International Meals – Canada

Happy shelter in place, everyone!

Part of the fun of this project has been visiting lots of random grocery stores, and hunting for exotic ingredients.  Since that’s not really a possibility during quarantine, it looked like we were going to have to postpone our sojourn to far off, exotic… (checks notes)

Oh wait.  No, we can do this.

We actually made so many different Canadian dishes that this one is going to be formatted a little differently than the others.  Instead of one big meal, this is broken up into two desserts and two main dishes, which will be presented in a culinarily logical sequence rather than the order we actually made them.

So first up – the dish that everyone EXPECTS us to do: Poutine!

There’s a million degrees of fancy that can be attempted here.  One of our usual reference sites ( was so sarcastic about poutine that they actually used a stock photo to accompany a recipe that included the step, “Feel ashamed that you didn’t try harder.”

However, we felt no shame.  We made french fries from scratch, including the proper double fry technique. (Low temperature to cook, high temperature to crisp.) We made a delicious gravy, also from scratch.  And we opened a 30 year old bottle of champagne to go with!
Poutine and Champagne
A word about the champagne. For the first 9 years of our marriage, I didn’t drink alcohol at all, so Leigh didn’t open many bottles of wine, as she’d be drinking them by herself.  I’m still more of a beer drinker, but I do now enjoy a glass of wine very occasionally.  What that means is that we have a small collection of bottles that Leigh has had with her for a very long time, all of which are of highly uncertain degrees of preservation.

We call it “Heisenbooze.”

And poutine DEFINITELY called for Heisenbooze, because… we’re moving to Canada! Appropriately enough, we’re celebrating the food of our soon to be adopted homeland.

The champagne was actually pretty good.  I don’t drink enough to be a good evaluator, but it tasted like champagne and still had some fizz to it.  I used the rest to make a cream sauce to put over shrimp and pasta the next day.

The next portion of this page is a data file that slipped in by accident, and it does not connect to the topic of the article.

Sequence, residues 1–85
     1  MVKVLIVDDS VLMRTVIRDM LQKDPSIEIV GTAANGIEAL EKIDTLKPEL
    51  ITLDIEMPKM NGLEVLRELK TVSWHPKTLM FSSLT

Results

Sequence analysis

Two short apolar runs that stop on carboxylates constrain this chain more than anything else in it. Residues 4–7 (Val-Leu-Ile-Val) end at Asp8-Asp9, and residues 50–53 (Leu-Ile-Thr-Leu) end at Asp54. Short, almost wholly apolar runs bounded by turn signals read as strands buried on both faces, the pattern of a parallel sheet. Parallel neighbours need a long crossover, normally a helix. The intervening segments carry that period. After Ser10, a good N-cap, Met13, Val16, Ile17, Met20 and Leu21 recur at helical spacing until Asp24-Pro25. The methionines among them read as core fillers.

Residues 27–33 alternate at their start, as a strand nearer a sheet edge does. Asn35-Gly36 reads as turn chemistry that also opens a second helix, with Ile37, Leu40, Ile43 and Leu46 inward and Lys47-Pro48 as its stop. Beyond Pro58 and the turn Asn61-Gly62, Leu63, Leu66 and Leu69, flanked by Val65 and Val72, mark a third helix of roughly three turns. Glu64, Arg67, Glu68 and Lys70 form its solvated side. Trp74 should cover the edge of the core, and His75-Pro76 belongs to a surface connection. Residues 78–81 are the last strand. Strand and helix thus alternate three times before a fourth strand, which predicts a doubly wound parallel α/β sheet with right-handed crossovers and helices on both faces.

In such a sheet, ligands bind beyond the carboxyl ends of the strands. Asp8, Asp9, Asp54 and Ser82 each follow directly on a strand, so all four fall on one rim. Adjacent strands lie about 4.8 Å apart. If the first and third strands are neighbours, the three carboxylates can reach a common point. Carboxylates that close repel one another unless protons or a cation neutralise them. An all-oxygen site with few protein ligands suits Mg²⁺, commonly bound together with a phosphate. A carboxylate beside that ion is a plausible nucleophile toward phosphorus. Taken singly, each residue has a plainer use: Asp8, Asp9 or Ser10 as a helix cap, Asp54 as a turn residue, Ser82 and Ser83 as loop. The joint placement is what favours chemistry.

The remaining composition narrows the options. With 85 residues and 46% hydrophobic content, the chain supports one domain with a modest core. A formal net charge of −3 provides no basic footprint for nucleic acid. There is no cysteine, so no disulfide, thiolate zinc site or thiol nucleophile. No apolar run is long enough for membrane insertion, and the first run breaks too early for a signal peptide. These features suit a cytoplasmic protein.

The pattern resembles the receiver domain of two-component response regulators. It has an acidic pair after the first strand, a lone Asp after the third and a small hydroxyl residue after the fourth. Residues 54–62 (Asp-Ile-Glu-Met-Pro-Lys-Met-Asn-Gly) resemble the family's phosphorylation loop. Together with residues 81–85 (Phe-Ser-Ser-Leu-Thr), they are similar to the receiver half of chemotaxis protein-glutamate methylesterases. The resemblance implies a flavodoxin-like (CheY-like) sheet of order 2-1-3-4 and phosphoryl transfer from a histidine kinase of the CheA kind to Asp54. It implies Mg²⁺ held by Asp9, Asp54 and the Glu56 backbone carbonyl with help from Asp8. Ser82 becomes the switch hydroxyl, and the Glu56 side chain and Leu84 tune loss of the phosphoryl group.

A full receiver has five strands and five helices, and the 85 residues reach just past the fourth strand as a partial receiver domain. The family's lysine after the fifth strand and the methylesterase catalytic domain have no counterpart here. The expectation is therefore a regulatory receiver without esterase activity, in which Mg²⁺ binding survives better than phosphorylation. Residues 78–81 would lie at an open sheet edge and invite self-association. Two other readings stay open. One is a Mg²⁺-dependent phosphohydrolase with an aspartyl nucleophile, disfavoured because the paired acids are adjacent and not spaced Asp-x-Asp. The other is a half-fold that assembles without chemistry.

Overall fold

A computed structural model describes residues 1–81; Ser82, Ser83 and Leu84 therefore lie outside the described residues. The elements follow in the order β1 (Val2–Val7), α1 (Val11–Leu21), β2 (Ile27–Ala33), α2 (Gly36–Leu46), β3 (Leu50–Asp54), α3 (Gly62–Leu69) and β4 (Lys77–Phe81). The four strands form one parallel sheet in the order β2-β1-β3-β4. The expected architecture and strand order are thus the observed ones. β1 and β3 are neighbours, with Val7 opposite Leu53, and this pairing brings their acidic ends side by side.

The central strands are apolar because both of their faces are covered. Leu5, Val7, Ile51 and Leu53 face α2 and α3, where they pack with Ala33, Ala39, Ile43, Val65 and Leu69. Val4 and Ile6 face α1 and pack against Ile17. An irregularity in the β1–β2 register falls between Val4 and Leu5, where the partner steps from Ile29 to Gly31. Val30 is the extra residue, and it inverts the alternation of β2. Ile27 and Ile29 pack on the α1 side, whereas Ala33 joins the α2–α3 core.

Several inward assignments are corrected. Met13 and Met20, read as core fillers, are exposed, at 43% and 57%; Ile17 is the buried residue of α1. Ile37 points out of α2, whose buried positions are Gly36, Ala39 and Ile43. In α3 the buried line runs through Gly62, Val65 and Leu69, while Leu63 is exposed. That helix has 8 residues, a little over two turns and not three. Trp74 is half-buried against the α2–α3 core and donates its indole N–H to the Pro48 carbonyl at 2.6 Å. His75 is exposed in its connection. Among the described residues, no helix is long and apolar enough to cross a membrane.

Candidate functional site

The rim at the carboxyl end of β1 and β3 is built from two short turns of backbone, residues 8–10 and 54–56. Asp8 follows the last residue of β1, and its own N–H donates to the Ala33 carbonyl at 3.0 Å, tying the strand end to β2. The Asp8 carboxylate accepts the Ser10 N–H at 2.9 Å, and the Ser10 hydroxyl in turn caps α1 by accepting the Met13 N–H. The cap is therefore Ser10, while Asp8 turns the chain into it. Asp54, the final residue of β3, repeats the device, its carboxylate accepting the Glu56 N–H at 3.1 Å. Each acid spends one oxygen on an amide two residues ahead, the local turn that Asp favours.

And the poutine was delicious! To heck with you, Cooked Earth Guy who has done 95% of our research for us and provided us with lots of good recipes and basically made this entire thing possible… On second thought, we just won’t tell him.

On to the main event, food wise. There’s a traditional Canadian holiday meat pie called a Tourtière.  I checked with a number of my friends from north of the border, and they all had things to say about this.  We went with a recipe from Food Network – Canada as a reasonably good choice.

First – scratch pie crust!  We’ve been doing a lot of baking from “Sally’s Baking Addiction” during this shelter in place, including an excellent lemon meringue pie. Since the recipe didn’t specify the exact pie crust recipe, we used that one again.Pie dough being rolled.

Next, the filling – there’s a million different variants for this pie, but the most common elements are ground meat, potatoes, and warming spices.  This particular version used ground beef, grated potatoes, allspice, and Worcestershire sauce.

Meat Pie Filling

Also a bay leaf, but I think that’s there for religious significance, since I’ve never figured out what they actually do.  Still, I continue to use them to appease the bay leaf gods, who are quick to anger if you don’t make the appropriate sacrifice.

Assembling the pie:
Partially assembled pie

Fully assembled unbaked pie

Once assembled, the top is brushed with egg yolk, and then into the oven it goes.  The result is as pretty as one could hope:
Finished meat pie

And the result was delicious!  Sadly, the lighting wasn’t as good for the photo of the final product, but trust us – it was great.
Slice of meat pie

So – two entrees down.  What’s up next?  Dessert, of course!  If you ask Canadian people what the most quintessentially Canadian dessert is, they’ll probably tell you “butter tarts.”  At least, that’s what they told us. So more pie crust it is!